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Strike it rich and raunchy with 'Jackpot'

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Jackpot

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Money brings out the worst in people. But, what if those people were ex-convicts and suddenly you had to share a large sum of cash with them? That's the premise for "Jackpot", a new Norwegian gangster flick that combines profuse laughs with deadpan melodrama, now available through On Demand and iTunes from Doppelganger Releasing.

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It begins with all the trademark elements of the genre; blood, sex and bullets. A minute into the film, we see a raunchy strip-club/video store, appropriately called "Pink Heaven", littered with blow-up dolls dripping with gore and a pile of deceased bodies. It’s a brutally violent way to open any movie. Although, there’s something about the cheesy background music that tells you this morose spectacle shouldn’t be taken all that seriously.

Moments later we learn from suspect Oscar Svendsen (Kyrre Hellum) that this bloodbath was the result of a soccer bet gone wrong. He is being quizzed by Detective Solør (Henrik Mestad) in a police interview room, about how he came to be at the heart of a massacre, found crawling out from under a dead stripper with a shotgun in his hands. It seems as if Oscar has had a very bad day indeed. And yet, we will soon learn that it could've been his best day, thanks to the fact of hitting a jackpot. The downside? His fellow winners put the crime into the word criminal.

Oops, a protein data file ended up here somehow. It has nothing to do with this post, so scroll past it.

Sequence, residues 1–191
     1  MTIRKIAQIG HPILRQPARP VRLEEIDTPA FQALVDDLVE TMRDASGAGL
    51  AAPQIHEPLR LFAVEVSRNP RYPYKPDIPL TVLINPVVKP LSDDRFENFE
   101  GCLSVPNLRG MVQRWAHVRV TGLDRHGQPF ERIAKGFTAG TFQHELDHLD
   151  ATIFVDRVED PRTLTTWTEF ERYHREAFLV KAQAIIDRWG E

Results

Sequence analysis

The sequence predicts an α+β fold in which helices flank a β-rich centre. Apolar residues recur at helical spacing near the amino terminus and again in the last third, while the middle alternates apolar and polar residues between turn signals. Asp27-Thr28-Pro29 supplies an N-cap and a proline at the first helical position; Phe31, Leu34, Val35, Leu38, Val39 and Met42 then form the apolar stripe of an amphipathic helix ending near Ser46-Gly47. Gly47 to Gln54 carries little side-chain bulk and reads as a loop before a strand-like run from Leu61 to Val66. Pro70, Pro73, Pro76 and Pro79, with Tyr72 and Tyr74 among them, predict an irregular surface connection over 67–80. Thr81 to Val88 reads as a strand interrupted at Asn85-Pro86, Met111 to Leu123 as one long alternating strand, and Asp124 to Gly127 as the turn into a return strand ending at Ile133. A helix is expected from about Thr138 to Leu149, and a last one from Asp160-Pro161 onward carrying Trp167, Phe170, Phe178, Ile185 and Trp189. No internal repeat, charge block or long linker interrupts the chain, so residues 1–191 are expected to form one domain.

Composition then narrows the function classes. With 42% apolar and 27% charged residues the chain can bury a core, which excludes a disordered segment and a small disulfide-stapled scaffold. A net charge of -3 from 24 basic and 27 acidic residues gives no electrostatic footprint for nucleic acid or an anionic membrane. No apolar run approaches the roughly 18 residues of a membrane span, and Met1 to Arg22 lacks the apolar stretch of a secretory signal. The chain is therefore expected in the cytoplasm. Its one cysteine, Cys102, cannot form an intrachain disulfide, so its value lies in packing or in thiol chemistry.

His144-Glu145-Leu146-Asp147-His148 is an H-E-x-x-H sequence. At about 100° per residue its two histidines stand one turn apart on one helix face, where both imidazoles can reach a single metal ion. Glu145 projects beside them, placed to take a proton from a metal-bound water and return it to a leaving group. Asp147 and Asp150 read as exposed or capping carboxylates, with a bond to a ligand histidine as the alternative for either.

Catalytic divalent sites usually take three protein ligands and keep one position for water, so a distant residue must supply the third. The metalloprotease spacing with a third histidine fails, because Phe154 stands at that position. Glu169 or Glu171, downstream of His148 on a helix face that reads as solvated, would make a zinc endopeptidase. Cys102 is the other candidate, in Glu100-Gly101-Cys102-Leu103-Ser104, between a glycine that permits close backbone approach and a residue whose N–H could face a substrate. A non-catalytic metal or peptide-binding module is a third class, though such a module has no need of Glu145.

Director Magnus Martens adapted the screenplay from best-selling novelist Joe Nesbø, while skillfully pulling together snippets of post-carnage flashbacks of Oscar and how he came to be in this predicament. But, is he a hapless innocent or the criminal mastermind that Solør suspects? Martens keeps us guessing as to Oscar's true plans and Hellum plays this anti-hero with a foolish bewilderment that might just be hiding something else a bit more dastardly.

With recent features like "Black Out", "Headhunters" (also based on Nesbø's work) and now, "Jackpot", American Directors should take heed. Why you ask? Because Foreign filmmakers seem to be striking it rich with the pulpy genre our country started.

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